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BUSH v. NEET (2005)

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United States Court of Appeals,Tenth Circuit.

Phillip Kevin BUSH, Petitioner-Appellant, v. Gary NEET, Warden;  John W. Suthers, Attorney General of the State of Colorado, * Respondents-Appellees.

No. 03-1481.

Decided: March 08, 2005

Before HARTZ, and BALDOCK, Circuit Judges, and BRIMMER,** District Judge. Phillip K. Bush, Pro Se. Ken Salazar, Attorney General, John J. Fuerst III, Assistant Attorney General, Appellate Division, Criminal Justice Section, Denver, CO, for Respondents.

Applicant Phillip Kevin Bush, a Colorado state prisoner proceeding pro se, filed an application under 28 U.S.C. § 2254 seeking relief from his state-court convictions.   The federal district court denied relief and declined to issue a certificate of appealability (COA).   See 28 U.S.C. § 2253(c)(1)(A) (requiring COA to proceed on appeal).   This court granted a COA on whether the plea agreement entered into by Mr. Bush and the government is enforceable.   We affirm the district court's denial of habeas relief.1


Mr. Bush entered guilty pleas in March 1984 to charges of sexual assault, burglary, and aggravated robbery.   He also entered guilty pleas to two habitual-criminal counts based on his prior convictions. Other charges were dismissed as part of the plea bargain.   The parties stipulated that Mr. Bush would receive a prison sentence of 25 to 30 years.   The state trial court imposed a sentence of 30 years, within the stipulated range.

At the time, the state parole board interpreted the pertinent statutes to require mandatory release on parole after an inmate served about half his sentence, considering the inmate's good-time and earned-time credits, for crimes like Mr. Bush's committed between July 1, 1979, and July 1, 1985.   Under this interpretation Mr. Bush's anticipated release date was in 1997.   The parole board later changed its view, however, reading the same statutory scheme to except sex offenses from the requirements pertaining to mandatory parole.   See generally Cunningham v. Diesslin, 92 F.3d 1054, 1056-57 & nn. 2-3 (10th Cir.1996);  Lustgarden v. Gunter, 966 F.2d 552, 553 n. 2 (10th Cir.1992).   In November 1994 the parole board informed Mr. Bush that under the new interpretation his projected release date is in 2016, based on this sentence and the sentence for a prior conviction.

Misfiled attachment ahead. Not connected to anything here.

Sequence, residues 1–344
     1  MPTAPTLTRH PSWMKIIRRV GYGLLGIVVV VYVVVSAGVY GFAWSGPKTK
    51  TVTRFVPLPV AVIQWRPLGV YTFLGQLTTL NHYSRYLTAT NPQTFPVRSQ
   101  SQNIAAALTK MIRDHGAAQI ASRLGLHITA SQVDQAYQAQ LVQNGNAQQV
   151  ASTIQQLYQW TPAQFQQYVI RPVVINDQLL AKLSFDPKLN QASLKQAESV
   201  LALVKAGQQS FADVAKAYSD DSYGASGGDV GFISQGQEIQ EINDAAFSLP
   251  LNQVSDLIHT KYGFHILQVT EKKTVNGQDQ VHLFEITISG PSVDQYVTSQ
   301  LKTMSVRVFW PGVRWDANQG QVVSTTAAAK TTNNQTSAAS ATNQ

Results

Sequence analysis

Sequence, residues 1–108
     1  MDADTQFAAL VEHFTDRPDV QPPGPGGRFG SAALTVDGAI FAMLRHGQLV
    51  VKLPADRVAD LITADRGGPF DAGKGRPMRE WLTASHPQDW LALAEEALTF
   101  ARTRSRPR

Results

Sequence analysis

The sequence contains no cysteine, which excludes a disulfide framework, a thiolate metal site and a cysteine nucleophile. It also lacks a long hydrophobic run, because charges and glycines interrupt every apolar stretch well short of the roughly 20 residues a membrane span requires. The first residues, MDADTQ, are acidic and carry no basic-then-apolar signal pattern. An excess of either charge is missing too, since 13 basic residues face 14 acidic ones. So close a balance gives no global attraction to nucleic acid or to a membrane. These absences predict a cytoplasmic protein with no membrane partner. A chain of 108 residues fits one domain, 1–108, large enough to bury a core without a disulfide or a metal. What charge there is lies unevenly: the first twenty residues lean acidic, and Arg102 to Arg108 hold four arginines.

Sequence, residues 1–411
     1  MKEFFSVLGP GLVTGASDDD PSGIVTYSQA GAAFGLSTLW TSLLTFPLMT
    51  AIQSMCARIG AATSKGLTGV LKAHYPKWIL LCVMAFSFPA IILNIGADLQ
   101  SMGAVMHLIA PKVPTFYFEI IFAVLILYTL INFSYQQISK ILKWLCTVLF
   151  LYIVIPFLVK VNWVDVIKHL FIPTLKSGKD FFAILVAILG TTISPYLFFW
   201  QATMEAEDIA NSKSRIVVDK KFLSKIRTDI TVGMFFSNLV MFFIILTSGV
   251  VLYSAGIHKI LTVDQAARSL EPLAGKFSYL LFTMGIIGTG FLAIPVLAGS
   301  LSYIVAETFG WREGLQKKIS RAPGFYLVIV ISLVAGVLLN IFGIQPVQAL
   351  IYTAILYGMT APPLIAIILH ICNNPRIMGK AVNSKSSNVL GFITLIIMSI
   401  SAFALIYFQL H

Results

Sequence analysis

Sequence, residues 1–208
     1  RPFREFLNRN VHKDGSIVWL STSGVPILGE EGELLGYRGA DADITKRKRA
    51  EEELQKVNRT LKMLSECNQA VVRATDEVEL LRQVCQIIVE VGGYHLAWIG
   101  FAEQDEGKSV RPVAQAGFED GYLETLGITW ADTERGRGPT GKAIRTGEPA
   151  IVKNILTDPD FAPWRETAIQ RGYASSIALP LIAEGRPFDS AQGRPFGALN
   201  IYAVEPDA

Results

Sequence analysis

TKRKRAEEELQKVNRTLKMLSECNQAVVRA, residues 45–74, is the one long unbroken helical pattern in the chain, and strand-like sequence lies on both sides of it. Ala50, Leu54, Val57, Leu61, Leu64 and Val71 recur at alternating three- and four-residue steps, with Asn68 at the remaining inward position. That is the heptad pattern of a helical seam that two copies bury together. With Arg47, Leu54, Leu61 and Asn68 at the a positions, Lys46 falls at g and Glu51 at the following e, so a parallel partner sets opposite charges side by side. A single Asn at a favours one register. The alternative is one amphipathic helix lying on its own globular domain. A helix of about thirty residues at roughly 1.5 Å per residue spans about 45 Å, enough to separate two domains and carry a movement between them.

Mr. Bush's state-court motion for post-conviction relief was denied by the state trial and appellate courts.   He then filed his § 2254 application.   The federal district court denied relief and this court granted a COA on the issue stated above.   We deny a COA on the remaining issues.   We need not address Respondents' contention that the claim on which we have granted a COA is procedurally barred, “because the case may be more easily and succinctly affirmed on the merits.”  Romero v. Furlong, 215 F.3d 1107, 1111 (10th Cir.2000).

Standards of Review

A state court's adjudication on the merits must be upheld by a federal court unless it (1) resulted in a decision that was contrary to or an unreasonable application of clearly established federal law as determined by the Supreme Court, or (2) resulted in a decision based on an unreasonable determination of the facts in light of the evidence presented in state court.  28 U.S.C. § 2254(d).  The state court's factual findings are presumed correct and must be credited unless the applicant produces clear and convincing evidence to rebut the presumption.  Id. § 2254(e)(1).

A state-court decision is contrary to established federal law under § 2254(d)(1) “if the state court arrives at a conclusion opposite to that reached by [the Supreme Court] on a question of law or if the state court decides a case differently than [the Supreme Court] has on a set of materially indistinguishable facts.”  Williams v. Taylor, 529 U.S. 362, 412-13, 120 S.Ct. 1495, 146 L.Ed.2d 389 (2000).   A state-court decision is an unreasonable application of federal law under § 2254(d)(1) “if the state court identifies the correct governing legal principle from [the Supreme Court's] decisions but unreasonably applies that principle to the facts of the prisoner's case.”   Id. at 413, 120 S.Ct. 1495.   What is “reasonable” is determined under an objective test rather than by, say, determining whether a judge somewhere has so ruled.   See id. at 409-10, 120 S.Ct. 1495.